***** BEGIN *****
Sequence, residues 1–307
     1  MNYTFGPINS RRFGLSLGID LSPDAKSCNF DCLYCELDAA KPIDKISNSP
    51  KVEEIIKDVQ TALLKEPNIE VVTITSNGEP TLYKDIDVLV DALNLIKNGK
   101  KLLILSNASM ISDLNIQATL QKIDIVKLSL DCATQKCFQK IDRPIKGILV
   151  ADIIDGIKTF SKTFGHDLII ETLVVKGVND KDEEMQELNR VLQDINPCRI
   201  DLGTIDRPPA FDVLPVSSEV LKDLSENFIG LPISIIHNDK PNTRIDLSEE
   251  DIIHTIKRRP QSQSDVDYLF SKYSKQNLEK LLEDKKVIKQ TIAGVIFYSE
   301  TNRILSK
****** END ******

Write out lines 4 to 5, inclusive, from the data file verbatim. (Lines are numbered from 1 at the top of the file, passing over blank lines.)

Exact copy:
   101  KLLILSNASM ISDLNIQATL QKIDIVKLSL DCATQKCFQK IDRPIKGILV
   151  ADIIDGIKTF SKTFGHDLII ETLVVKGVND KDEEMQELNR VLQDINPCRI